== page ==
(18 Mar 09 - RV) Pope Benedict XVI’s first major appointment on his first full day
in Cameroon, was a meeting with the nation’s bishops. We have this report:
a brief private meeting with Cameroon’s President, the Pope was driven through the
streets of Yaoundé to Christ the King Church in the heart of the capital.
was there to speak to the nation’s 31 bishops. In a country where 40% of the population
declare themselves Christian, 15% Catholic, where despite relative stability, the
wealth of the nation sis still controlled by a few to the detriment of the many,
Pope Benedict told the bishops that their mission is to care for Cameroon’s most deprived:
Bishop’s mission leads him to be the defender of the rights of the poor, to encourage
charity, … this leaves no room for ethnocentrism or factionalism, and it contributes
towards reconciliation and cooperation among ethnic groups for the good of all. ..
it is the duty of Christians, particularly lay people with social, economic and political
responsibilities, to be guided by the Church’s social teaching, in order to contribute
to the building up of a more just world where everyone can live with Dignity”.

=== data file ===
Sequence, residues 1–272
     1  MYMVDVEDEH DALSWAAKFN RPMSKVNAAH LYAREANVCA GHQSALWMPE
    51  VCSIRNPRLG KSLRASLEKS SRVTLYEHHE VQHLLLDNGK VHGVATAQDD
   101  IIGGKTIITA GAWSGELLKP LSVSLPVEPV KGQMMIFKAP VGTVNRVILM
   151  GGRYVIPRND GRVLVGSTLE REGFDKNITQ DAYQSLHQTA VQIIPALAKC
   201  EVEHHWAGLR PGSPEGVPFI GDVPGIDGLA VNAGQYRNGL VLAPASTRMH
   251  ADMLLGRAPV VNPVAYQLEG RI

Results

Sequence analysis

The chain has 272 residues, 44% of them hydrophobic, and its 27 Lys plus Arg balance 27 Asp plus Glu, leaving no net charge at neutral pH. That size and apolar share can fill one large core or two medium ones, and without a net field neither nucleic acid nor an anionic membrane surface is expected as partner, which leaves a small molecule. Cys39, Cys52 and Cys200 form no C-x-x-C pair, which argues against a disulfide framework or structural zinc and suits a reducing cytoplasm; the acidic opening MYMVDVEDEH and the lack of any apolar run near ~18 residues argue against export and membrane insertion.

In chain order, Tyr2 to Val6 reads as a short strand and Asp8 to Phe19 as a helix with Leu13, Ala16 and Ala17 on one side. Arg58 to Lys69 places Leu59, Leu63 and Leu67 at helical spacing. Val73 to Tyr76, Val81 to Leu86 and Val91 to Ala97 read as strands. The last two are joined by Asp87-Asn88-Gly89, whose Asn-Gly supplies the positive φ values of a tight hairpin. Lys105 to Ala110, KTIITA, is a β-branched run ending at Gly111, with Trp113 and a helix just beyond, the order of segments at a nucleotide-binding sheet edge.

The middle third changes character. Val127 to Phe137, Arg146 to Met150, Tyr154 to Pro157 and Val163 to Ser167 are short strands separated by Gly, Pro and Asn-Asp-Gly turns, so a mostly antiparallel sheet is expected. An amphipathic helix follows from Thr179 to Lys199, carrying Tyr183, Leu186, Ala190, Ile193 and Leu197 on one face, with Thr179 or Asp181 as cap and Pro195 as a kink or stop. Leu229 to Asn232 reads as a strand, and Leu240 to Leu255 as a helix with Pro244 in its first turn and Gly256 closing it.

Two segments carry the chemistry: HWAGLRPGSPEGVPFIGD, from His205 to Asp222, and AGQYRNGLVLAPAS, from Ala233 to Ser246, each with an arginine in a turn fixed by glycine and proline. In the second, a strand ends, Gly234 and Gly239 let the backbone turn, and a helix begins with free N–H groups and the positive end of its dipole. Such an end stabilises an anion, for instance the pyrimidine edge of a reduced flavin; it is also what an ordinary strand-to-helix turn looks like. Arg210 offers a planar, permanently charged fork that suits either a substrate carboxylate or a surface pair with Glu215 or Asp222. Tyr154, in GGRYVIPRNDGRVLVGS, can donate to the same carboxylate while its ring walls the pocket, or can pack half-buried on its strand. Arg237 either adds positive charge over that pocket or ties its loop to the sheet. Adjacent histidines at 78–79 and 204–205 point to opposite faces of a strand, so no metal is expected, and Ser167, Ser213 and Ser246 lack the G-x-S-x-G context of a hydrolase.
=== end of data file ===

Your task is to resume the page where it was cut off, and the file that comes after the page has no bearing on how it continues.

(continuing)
Pope also touched on the problem of religious sects. He said the most effective weapon
in the fight against the devastating consequences of ritualism and superstition is
education; “The spread of sects and esoteric movements, and the growing influence
of superstitious forms of religion, as well as relativism, constitute an urgent invitation
to give new impetus to the formation of children and young adults, especially in university
settings and intellectual circles”.
He also noted that in this female emancipation
is key. He encouraged the active involvement of women’s associations in the Church’s
mission, as an example to greater society of the dignity of women and their particular
vocation in the ecclesial community and in society.
And then the African
Family, which the Pope said is feeling the impact of modernity and secularization.
Concluding the Pope told the Bishops that in developing the pastoral care of the family,
they must be “eager to promote a better understanding of the nature, dignity and role
of marriage, which presupposes an indissoluble and stable union”.